"We are rapidly reaching the point, however, at which the Postal Service no longer has the authority under current law to do what it needs to do to get by. That's why I've introduced legislation today that aims to clean up the Postal Service's finances and help it implement the ambitious reorganization plan it announced last spring.
"The main provision in my bill – the Postal Operations Sustainment and Transformation Act, or the POST Act – aims to permanently address the various pension and retiree health-related issues that have plagued the Postal Service for years.
"The Postal Service, the Postal Service's Inspector General, the Postal Regulatory Commission, and two independent actuaries have all come to the conclusion that the Postal Service has overfunded its obligations to the Civil Service Retirement System by between $50 billion and $75 billion. In addition, numerous observers and even the Office of Personnel Management have pointed out that the Postal Service has paid $7 billion more than it owes into the Federal Employees Retirement System.
"My bill would give the Postal Service access to the funds it has overpaid. It would be able to use them to make its required retiree health prefunding payments, taking upwards of $5 billion off its books each year for the next several years. Once those payments are satisfied, the funds this bill would free up could be used to pay workers compensation obligations and to retire debt owed to the Treasury.
"These reforms, or something very similar to them, will need to be a vital part of any efforts to improve the Postal Service's financial condition in both the short- and long-term. But stopping with these reforms and avoiding further, potentially more difficult changes will simply not be enough.
"The Postal Service is projecting cumulative losses of more than $230 billion between now and 2020. The savings generated by the pension and retiree health reforms in my bill and in others that have been introduced in both chambers would only address about a third of these losses.
"In addition, the Postal Service's latest financial data shows that, even if the retiree health prefunding payment is not made this year, the Postal Service would still face the risk of insolvency and shutdown in 2012. And even if the 2012 retiree health payment is also not made, the Postal Service would enter 2013 with no cash and no borrowing room at all.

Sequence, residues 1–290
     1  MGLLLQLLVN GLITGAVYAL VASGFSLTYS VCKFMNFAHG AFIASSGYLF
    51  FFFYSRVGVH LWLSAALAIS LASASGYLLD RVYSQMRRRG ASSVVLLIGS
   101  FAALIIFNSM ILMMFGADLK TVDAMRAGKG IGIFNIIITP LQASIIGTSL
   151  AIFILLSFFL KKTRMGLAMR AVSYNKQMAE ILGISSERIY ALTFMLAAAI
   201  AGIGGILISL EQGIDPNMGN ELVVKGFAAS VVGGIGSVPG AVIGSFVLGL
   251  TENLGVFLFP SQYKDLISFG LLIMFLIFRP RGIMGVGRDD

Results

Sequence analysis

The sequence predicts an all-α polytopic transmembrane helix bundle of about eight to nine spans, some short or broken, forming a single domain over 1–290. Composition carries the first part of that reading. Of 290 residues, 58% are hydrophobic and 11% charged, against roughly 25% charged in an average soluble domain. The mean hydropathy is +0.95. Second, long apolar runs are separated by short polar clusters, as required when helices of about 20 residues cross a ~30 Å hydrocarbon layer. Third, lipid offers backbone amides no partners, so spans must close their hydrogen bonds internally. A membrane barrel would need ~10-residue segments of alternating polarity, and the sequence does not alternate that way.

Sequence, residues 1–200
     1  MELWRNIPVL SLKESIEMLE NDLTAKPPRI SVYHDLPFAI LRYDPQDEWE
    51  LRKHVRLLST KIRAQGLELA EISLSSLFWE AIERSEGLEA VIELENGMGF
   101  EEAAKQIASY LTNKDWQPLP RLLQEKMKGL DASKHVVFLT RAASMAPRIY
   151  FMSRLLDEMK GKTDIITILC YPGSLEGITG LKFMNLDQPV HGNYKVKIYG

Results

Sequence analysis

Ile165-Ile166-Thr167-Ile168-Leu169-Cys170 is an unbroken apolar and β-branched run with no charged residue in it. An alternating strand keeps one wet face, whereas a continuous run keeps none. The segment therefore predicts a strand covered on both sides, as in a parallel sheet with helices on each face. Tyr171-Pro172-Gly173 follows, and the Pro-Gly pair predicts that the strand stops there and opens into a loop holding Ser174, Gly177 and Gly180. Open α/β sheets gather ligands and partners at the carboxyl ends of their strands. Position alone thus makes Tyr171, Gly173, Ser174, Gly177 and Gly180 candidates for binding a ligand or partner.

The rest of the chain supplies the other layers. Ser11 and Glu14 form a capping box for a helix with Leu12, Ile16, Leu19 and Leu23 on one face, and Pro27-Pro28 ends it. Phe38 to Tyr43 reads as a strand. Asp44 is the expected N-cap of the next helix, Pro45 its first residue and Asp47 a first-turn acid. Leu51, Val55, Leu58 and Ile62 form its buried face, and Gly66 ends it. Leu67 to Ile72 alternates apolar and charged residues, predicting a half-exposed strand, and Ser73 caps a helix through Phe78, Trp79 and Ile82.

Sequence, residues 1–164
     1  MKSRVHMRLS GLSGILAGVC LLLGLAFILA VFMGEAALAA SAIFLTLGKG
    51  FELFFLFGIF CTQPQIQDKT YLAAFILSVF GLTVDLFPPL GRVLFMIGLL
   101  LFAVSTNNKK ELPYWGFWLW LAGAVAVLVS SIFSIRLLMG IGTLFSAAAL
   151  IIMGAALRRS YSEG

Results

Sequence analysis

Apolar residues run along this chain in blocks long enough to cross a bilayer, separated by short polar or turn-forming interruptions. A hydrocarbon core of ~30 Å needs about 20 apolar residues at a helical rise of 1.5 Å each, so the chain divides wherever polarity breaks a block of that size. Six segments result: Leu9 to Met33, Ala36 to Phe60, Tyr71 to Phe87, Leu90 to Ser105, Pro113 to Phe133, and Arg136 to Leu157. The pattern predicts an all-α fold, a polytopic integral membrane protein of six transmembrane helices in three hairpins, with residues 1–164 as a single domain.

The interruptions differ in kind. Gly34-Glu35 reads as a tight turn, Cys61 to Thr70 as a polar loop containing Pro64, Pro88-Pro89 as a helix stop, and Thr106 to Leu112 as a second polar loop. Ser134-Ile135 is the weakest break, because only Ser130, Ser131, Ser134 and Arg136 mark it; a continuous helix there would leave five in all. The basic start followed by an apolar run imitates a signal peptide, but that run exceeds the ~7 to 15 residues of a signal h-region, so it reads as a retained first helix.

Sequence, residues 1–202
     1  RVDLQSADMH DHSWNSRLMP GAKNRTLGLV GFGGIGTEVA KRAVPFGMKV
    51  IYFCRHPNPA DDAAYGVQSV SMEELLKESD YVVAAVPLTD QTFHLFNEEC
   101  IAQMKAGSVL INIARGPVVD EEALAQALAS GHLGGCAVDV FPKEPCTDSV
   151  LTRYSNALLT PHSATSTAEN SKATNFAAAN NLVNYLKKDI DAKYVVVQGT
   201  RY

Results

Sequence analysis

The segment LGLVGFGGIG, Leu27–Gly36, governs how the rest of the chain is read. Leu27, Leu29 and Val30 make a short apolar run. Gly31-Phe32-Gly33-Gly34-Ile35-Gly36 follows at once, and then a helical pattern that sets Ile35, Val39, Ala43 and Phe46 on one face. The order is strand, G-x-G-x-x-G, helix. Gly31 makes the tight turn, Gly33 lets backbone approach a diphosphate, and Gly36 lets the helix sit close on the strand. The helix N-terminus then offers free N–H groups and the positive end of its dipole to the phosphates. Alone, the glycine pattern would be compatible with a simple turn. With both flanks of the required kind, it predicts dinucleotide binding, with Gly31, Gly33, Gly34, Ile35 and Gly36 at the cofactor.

"More will clearly need to be done. That is why my bill takes important steps towards truly giving the Postal Service the flexibility those of us in Congress always say we want to give them to adapt to new realities and operate more like a business.
"No business facing the kinds of difficulties the Postal Service faces would survive for very long if it were told how many retail outlets they should have and where they should be located. Or if it were prevented from making operational changes or taking full advantage of the resources and expertise it has at its disposal. Yet that's what Congress does to the Postal Service.
"My bill aims to address these problems and to take Congress out of the day-to-day management of the Postal Service. Assuming that the Postal Service can continue to build on its recent cost-cutting efforts, these changes could help set the Postal Service on a more solid footing in the years to come.
"The report GAO is releasing today on the state of the Postal Service's vehicle fleet provides a valuable case study. The report clearly details the negative impact that financial uncertainty and well-meaning but sometimes harmful dictates from Congress have on postal operations.
"GAO found that, due at least in part to the Postal Service's dire financial situation, postal management currently has no plan in place to replace its very large fleet of delivery vehicles, some of which were first put on the streets a generation ago. The costs of operating and maintaining these vehicles are increasing and, in at least some cases, it's having a negative impact on operations.
"I believe it's unacceptable that the Postal Service has no plans to date to begin replacing its aging fleet, perhaps with more fuel efficient vehicles, the purchase of which in large numbers could help commercialize important new technologies. But it's also unacceptable that the Postal Service has been placed in this position financially, in part due to acts of Congress.
"I look forward to hearing from our witnesses today about these and other pressing issues facing the Postal Service."